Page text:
One afternoon, our Master Trainer Sarwat received a phone call and had an extended, hearty and enthusiastic conversation with the school teacher, Mrs. Sangeeta Sinha, P.N Anglo High School, Patna. She had apparently just called to tell Sarwat that she, while going though the Teacher Manual to prepare for the second activity Entrepreneurs are Everywhere, realized that this activity was very different from what her students were used to, so she had come up with her own solution. She took two days before that Saturday to do the whole activity at home, so by Saturday she had a sample project ready. After the story was read in all the classes, everyone was explained what to do next for their activity and she walked around to all the sections showing them the sample project she had made so that they were clear about what to do. It would have been one of their first group activities, in which they had to go out into their neighbourhoods and interview a local entrepreneur and then write a newspaper article about him/her. She happily told Sarwat that the students had already submitted their newspapers and had made them beautifully as well as correctly, and she was ready to submit them to us. She had called Sarwat to reassure her that the students were able to do even the second activity and there was nothing to worry about. And inspired teacher can make a huge difference.

 

Pooja Kumari from Gandhi Arya Kanya Uchha Vidyalaya, Mansoor Ganj, Patna.

 

As our team sat in our office buried under projects, charts and papers, Abha passed me a small and flimsy booklet to evaluate. Still trying to find a universal way to evaluate the ‘presentations’ of these projects as it was still the first activity, The Little Box of Big Skills, I picked up the booklet and began reading the neatly written paragraph stories and realized exactly how subjective this process can be. As I flipped the pages I realized that the paper had uneven edges, and the project was actually pieces of scrap paper torn neatly and stapled together. I read through the stories and they were beautiful and original, explaining the skills in very unique but accurate ways. At the back of each story were drawings in pencil also representing what happens in the stories. It was a complete and creative skills project which when we began to evaluate and give marks, we gave Pooja 11/12, one of the highest marks we had ever given. Pooja is brilliant.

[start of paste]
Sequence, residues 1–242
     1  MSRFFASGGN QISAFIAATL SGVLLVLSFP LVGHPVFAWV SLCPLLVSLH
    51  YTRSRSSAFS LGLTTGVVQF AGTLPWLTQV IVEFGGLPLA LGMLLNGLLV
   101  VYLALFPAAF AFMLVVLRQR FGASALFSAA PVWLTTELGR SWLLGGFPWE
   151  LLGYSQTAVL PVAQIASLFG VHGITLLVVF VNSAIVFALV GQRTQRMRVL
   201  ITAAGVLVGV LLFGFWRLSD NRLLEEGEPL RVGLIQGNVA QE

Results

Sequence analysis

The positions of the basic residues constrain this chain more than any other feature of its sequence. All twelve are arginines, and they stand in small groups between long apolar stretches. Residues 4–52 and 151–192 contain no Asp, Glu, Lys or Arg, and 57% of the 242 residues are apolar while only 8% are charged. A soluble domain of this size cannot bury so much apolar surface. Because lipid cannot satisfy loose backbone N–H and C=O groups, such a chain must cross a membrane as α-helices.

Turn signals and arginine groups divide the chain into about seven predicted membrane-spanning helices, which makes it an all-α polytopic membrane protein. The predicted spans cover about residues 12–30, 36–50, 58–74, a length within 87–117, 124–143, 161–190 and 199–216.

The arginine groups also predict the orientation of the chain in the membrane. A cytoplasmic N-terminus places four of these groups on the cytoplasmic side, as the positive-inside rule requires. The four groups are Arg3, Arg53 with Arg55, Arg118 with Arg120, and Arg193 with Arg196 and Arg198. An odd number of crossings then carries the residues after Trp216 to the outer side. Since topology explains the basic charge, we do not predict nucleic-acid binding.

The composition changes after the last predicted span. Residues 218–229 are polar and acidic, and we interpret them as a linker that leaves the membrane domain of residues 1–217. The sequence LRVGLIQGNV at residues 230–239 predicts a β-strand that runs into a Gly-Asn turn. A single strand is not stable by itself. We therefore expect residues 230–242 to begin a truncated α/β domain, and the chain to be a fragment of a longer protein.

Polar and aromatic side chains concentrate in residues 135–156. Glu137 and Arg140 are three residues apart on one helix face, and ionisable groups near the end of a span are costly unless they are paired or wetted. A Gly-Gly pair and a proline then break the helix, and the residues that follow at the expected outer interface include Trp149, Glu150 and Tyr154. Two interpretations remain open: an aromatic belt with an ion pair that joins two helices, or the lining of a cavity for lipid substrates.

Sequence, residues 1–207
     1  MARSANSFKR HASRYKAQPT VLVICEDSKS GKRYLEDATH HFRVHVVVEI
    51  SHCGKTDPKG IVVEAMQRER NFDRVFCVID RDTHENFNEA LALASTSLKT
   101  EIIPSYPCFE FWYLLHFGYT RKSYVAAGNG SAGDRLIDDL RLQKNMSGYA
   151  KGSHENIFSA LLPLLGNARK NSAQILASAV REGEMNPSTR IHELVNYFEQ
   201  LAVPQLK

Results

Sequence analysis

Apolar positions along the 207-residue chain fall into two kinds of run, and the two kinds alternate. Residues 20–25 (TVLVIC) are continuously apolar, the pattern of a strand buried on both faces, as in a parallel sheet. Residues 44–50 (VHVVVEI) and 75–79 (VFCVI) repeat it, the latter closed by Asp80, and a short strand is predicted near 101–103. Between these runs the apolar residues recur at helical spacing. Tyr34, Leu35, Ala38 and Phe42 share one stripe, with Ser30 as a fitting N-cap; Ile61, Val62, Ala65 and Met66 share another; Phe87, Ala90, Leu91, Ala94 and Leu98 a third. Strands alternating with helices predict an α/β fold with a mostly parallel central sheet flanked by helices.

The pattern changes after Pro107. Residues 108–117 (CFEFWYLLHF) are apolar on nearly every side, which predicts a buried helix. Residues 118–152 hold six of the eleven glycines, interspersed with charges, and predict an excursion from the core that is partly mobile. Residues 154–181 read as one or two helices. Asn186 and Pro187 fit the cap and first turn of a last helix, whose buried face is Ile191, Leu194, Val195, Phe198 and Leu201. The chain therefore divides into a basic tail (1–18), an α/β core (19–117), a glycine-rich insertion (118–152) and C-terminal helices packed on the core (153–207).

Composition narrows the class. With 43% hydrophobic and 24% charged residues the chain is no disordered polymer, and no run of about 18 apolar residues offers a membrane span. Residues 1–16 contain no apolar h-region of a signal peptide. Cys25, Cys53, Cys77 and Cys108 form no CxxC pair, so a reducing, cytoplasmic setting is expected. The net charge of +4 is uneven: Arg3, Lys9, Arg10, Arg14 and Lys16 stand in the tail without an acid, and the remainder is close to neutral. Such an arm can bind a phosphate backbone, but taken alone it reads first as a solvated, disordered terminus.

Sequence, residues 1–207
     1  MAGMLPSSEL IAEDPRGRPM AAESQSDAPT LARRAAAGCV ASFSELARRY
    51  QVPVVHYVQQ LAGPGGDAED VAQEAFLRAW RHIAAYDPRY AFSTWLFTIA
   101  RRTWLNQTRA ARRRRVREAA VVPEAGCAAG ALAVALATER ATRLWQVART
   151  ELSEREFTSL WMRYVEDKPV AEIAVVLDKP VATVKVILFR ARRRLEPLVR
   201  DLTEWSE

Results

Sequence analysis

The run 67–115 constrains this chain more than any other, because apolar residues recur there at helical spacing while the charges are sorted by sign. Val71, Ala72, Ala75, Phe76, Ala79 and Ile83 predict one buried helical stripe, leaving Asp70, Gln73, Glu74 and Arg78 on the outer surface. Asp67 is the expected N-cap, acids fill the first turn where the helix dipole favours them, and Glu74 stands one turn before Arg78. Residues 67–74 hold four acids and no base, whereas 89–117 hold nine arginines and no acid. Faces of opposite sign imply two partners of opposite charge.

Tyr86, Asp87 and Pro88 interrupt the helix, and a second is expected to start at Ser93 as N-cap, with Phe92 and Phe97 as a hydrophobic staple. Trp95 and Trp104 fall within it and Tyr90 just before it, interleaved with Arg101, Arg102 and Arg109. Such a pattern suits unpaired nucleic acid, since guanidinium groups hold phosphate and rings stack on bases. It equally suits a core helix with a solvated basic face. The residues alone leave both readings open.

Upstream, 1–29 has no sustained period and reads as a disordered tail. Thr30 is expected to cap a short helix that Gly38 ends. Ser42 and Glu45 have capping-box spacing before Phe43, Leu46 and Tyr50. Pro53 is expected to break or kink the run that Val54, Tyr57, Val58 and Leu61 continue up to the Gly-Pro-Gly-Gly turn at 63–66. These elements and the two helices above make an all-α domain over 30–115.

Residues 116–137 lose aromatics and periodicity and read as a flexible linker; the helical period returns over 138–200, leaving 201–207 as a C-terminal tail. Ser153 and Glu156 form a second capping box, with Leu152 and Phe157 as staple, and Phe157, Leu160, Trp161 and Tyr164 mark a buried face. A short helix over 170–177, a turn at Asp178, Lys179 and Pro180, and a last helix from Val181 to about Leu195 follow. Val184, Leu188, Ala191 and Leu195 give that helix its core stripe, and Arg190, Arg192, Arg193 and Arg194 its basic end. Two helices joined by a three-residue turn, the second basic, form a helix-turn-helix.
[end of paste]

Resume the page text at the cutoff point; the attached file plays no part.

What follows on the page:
Links:


Attachments:
Oct 15, 2012

Stories from Bihar: How we're doing

My Family Tree
My Family Tree